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Member Since 04 Oct 2011
Offline Last Active Yesterday, 04:46 PM

#66236 Repair Bisque Piece?

Posted by neilestrick on 16 September 2014 - 08:26 AM

Slow down the first several hundred degrees of your firing if you have thick spot like that.

#66109 Can A Candle Produce Enough Heat To Fuse Lid To Body?

Posted by neilestrick on 13 September 2014 - 11:54 AM

If the pot got hot enough in that area to melt the glaze, it would have been glowing, at least in that area. You can't get the inside wall of a pot that hot and not have the outside nearly as hot, too. The wall is not that thick. Even tack fusing glass needs 1300F degrees.


If the top of that pot was hot enough to melt glaze, the bottom would have been hot enough to burn whatever surface it was sitting on. In a 7 inch tall piece you could not get the top up to 2000F without the bottom getting up to at least many hundreds of degrees. Stick a 7 inch long tube of clay in the peep hole of your kiln till it glows and try to grab the cooler end. Plus the pot probably would have cracked if one spot was heating up that much.


Personally, I would not sell a candle holder with a lid. The odds of someone grabbing that lid while it's still hot are too great. Not only could they burn their fingers, but they could knock the thing over when they pull back their hand, spilling hot wax all over the place.

#65973 Kiln Lid Gap Help?

Posted by neilestrick on 10 September 2014 - 08:29 PM

Never set anything on the lid, especially heavy stuff. And never use a board as it can burn. And never use a battery because it can explode!

#65702 How To Get Started With Old Stains, Etc

Posted by neilestrick on 06 September 2014 - 01:36 PM

How do I mix small quantities of glaze? Everywhere I look the speak of 5 gallon buckets! To test the dozen glazes I have, I would like to make small batches of about 250 ml each. What ratio of water to dry glaze do I use?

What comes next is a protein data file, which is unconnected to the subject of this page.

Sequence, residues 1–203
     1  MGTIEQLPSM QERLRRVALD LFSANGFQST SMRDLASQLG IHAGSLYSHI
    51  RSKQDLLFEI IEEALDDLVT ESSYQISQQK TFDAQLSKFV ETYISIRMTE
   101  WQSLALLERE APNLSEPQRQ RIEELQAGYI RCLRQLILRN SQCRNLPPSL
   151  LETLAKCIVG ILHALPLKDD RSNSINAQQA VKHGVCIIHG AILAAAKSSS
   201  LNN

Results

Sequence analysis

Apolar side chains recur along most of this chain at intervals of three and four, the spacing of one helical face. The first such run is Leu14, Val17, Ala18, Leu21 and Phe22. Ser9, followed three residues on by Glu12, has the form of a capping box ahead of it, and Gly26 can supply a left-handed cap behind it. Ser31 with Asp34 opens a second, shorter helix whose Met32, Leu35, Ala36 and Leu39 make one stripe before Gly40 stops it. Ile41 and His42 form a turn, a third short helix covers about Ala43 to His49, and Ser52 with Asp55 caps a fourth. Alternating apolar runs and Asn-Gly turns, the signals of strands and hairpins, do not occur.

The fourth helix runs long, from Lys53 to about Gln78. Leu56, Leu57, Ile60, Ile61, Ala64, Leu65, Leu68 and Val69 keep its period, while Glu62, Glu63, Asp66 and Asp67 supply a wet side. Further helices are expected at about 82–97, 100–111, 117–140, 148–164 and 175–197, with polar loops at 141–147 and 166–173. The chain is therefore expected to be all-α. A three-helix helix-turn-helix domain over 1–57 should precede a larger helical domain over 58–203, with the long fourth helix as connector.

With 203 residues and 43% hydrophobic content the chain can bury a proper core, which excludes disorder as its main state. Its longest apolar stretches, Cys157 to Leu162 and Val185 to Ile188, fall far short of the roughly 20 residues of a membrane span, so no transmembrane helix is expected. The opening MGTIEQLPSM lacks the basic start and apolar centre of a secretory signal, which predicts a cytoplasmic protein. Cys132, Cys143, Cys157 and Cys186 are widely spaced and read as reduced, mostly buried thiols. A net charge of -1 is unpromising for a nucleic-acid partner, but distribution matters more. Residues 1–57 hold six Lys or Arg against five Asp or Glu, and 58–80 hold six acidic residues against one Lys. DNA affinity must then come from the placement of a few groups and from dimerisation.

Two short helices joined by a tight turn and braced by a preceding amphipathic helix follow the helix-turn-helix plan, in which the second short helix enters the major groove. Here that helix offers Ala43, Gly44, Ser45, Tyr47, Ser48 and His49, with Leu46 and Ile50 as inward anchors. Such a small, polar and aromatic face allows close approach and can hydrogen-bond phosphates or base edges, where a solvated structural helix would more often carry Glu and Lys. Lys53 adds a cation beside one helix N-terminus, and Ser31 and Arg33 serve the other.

For testing glaze I usually do 200 gram (dry weight) batches. Simply add enough water that it's the right consistency to dip a tile. The amount of water needed will vary from glaze to glaze. Use a stick/hand/immersion blender to mix it.

#65680 Questions About Firing With Peep Out

Posted by neilestrick on 06 September 2014 - 08:47 AM

If you're running a downdraft vent, all the peeps should be in whenever the fan is on.


You're probably right about the cooling time affecting the glossiness of the glazes. Slower cooling usually promotes matte surfaces. The vent will help speed cooling little bit, but you could always open a peep at the end of a firing to speed the cooling more. If your vent motor is mounted under the kiln, leave it running even with the peep open to keep the motor cool. If the motor is mounted away from the kiln you can turn it off when you open the peep. There will be a limit to how fast you can cool the kiln simply because it's bigger.

#65619 Gerstley Borate Subsitute

Posted by neilestrick on 04 September 2014 - 11:58 AM

Yep. Laguna has a bunch. But if you prefer a substitute, I'm a big fan of Gillespie Borate.

#65519 Is Is Possible To Calcine Your Own Kaolin?

Posted by neilestrick on 02 September 2014 - 08:44 PM

Once the chemical water is burned out, there's really not anything else that can happen to the kaolin. I suppose you could fire it so hot that it fuses, but what would be the point? Just bisque fire it and you're good to go.

#65477 Trouble With Dried Out Glaze

Posted by neilestrick on 02 September 2014 - 09:45 AM

You might also put the material in hot , almost boiling water to dissolve the soluble salts from the frit plus other stuff that may have formed.



That's exactly what I was thinking- 3134 has a fair amount of soluble material that has probably formed the chunks. It won't blend well.

#65312 Cost Of Replacing Elements

Posted by neilestrick on 28 August 2014 - 04:26 PM

APM elements last longer, however it's an expensive replacement if one fries due to a glaze drip or such.


I charge $75 per hour for repair work. A Skutt 1227 will take 1-1/2 to 2 hours to do a full element replacement. Definitely 2 hours if bricks are being replaced too, which usually there are a couple.


Different brands require more or less time. Skutts take a while because of the need for element pins, so in addition to the time spent putting in pins, I also have to remove the lid and top ring in order to reach the bottom ring and see what's going on down there. Paragon replacements are usually quicker because they only require pins if an element is being difficult, but some Paragon models have pricey elements. I can do all 9 elements in my big L&L in less than 1-1/2 hours. Manual kilns or any kilns that don't have a hinged control box take longer as well. Lots of factors at work.